Cell harvesting was done followed by colchicine treatment (0.1 μg/ml culture medium) for the last 4 hours of the 48 hours incubation, hypotonic treatment in prewarmed 0.075M KCl solution for 15 minutes at 37°C and three fixations in chilled methanol – acetic acid mixture (v/v, 3:1). The cells were dropped on to cool wet slides. The slides were air dried and stained in 2% Giemsa stain (pH 6.8) mounted with DPX and scored for chromosomal aberrations by adopting the method of [27].

Aberration scoring and statistical analysis

Chromosomal aberrations were scored on coded slides by two independent observers using research microscope under 10× and 100× oil immersion. One hundred metaphases per subject were scored in the heavy metal exposure study. Only well spread metaphases with 46 centromeres were selected. Gaps (A chromatic lesions) were counted separately but not included in the frequency of the cells with aberrations. The frequencies of the cells with aberrations were tested statistically by using a Chi-square (2×2 contingency) test to find out the significant levels between the groups tested.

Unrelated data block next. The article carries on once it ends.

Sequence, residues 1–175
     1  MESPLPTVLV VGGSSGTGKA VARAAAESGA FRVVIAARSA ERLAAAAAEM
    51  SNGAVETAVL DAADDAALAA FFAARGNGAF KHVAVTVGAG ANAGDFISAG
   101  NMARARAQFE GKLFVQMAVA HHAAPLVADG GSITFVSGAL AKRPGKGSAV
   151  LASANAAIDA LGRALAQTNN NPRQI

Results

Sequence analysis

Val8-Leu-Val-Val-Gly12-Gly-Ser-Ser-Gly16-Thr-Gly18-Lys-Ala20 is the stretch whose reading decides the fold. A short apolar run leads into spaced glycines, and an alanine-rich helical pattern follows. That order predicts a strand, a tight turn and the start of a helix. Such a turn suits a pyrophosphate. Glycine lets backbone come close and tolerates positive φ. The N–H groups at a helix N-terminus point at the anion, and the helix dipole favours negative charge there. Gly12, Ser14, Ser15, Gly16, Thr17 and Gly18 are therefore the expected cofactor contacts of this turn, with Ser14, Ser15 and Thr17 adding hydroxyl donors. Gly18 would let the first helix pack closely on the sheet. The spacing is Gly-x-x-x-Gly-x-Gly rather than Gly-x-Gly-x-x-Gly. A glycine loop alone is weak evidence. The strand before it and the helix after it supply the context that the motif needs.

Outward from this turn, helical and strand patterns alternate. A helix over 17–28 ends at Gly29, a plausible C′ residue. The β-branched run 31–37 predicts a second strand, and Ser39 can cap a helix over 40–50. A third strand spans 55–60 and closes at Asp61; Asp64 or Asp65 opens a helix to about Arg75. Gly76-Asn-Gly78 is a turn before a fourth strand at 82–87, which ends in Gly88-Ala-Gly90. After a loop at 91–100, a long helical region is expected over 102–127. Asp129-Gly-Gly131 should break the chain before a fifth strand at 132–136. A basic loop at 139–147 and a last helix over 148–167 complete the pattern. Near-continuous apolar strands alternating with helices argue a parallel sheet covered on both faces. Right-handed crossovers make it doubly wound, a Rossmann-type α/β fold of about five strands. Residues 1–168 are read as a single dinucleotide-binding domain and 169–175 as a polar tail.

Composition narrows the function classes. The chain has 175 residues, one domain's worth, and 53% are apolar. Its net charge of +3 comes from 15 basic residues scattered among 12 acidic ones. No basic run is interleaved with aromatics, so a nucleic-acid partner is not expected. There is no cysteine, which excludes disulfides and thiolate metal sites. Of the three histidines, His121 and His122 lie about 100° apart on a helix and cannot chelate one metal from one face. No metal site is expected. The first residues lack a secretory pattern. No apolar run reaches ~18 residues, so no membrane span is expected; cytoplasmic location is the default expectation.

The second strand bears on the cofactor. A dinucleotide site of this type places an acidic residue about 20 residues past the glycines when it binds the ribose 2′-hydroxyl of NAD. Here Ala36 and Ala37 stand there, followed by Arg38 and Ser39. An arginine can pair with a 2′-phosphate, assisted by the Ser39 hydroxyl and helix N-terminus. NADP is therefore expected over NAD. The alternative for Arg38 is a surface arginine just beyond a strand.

Results

The result on chromium concentrations in the ambient air and in the blood was depicted in Table 1. The levels of chromium were found in higher concentrations at tanning unit (43.26 ± 20.20 μg/m3). Spray dyer (22.14 ± 10.60 μg/m3) and in administrative office (3.86 ± 0.61 μg/m3). The chromium levels observed are much lower than threshold limit value of 500 μg/m3. The mean blood chromium levels in the exposed workers was 6.83 ± 1.32 μg/100 ml which was considered higher when compared to the control value of 2.67 ± 0.34 μg/100 ml.

  Chromium Ambient air μg/m3 Blood(μg/100ml) Blood(μg/100ml)
Tanning unit Spray dyer Admn. office Control Exposed
43.26 ± 0.20 22.14 ± 0.60 3.86 ± 0.61 2.67 ±0.34 6.83 ±1.32

Table 1: Chromium concentration in different study areas.